Your Rights if Arrested or Detained by Police

Last updated on June 8, 2021

When police arrest you, they must identify themselves and tell you the reason for the arrest. If you are not sure, ask the police if you are under arrest and why.

Once you are under arrest, you must tell the police your name and address if the police ask. And, you must go with them. If you are arrested, co-operate with the police. The police are only allowed to use as much force as is necessary to arrest you.

If you are arrested or detained by police, you have the right to talk to a lawyer. The police must allow you to use the phone in privacy to contact a lawyer. They should also let you use a phone book if you need to. Many police stations will have helpful phone numbers posted near the phone, including for legal aid and lawyer referral services.

To find out how to get a lawyer and learn more about legal services and resources available to you, please visit Legal Assistance.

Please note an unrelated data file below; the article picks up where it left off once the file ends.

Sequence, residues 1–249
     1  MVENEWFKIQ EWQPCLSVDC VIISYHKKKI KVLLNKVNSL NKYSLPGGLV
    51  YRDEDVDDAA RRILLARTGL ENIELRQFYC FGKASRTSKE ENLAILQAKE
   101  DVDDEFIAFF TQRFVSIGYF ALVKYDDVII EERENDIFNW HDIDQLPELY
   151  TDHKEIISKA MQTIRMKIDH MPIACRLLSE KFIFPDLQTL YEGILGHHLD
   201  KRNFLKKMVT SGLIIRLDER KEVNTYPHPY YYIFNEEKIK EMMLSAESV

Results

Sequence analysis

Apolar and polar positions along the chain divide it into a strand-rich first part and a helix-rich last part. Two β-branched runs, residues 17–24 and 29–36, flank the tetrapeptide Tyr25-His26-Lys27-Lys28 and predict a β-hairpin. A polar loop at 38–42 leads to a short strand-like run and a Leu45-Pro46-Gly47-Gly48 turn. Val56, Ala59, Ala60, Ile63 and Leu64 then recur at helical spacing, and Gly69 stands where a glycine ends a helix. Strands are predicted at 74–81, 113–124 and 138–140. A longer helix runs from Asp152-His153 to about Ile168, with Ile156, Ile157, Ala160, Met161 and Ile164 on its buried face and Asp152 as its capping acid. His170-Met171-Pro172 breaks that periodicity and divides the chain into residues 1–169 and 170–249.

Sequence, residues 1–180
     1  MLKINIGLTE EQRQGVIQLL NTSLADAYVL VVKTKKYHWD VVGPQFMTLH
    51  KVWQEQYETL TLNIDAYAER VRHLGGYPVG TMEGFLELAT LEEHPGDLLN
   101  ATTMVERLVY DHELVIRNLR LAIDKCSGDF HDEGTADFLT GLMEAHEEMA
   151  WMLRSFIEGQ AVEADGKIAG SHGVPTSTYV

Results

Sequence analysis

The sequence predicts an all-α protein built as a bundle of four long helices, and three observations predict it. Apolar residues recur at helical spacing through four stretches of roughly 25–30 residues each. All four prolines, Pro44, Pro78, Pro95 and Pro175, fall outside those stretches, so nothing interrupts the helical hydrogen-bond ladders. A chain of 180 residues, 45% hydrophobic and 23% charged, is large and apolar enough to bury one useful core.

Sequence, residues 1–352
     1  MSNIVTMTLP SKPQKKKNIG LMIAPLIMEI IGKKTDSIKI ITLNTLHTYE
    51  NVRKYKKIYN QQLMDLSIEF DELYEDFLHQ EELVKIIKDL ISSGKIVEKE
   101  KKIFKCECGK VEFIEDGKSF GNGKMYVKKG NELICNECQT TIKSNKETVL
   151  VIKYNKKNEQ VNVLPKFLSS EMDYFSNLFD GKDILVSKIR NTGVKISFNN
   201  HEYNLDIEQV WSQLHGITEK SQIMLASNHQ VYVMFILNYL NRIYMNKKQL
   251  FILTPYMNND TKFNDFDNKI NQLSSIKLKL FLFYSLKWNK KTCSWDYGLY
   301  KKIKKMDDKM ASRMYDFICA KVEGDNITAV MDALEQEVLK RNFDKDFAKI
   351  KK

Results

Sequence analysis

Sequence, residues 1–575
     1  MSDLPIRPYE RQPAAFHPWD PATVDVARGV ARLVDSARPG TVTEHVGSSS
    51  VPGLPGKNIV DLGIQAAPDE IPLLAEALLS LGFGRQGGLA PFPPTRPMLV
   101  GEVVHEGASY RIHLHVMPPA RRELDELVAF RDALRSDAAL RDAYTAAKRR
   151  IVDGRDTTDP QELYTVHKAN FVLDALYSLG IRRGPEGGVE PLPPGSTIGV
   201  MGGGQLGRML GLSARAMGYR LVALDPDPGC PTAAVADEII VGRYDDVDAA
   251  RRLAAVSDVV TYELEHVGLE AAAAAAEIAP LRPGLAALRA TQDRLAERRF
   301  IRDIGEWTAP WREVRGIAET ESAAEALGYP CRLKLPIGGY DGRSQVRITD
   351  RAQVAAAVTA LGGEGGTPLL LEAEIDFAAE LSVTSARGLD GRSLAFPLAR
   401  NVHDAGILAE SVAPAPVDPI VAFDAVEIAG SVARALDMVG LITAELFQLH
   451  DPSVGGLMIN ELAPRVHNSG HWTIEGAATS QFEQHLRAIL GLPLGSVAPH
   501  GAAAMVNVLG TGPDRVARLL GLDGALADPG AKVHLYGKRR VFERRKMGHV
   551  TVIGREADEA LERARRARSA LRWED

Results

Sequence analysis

Talk to a lawyer as soon as possible. The police will ask questions as part of their investigation. While you have the right to remain silent, a lawyer can tell you if that is the right choice in your situation. They can also give you advice about whether you should provide evidence to the police, like breath and blood samples. Anything you do say to the police or put into writing at this time or later can be used against you in court.

You have the right to be free from unreasonable searches. But once you are arrested, police can search you for weapons and any evidence relating to the offence. Police can, and usually will, fingerprint and photograph you if you are charged with a serious (indictable or hybrid) offence.

More Information

For more information regarding your rights if arrested, please visit: ClickLaw – Arrested.

Criminal Justice Glossary

Check our alphabetical list of criminal justice terms along with their definitions.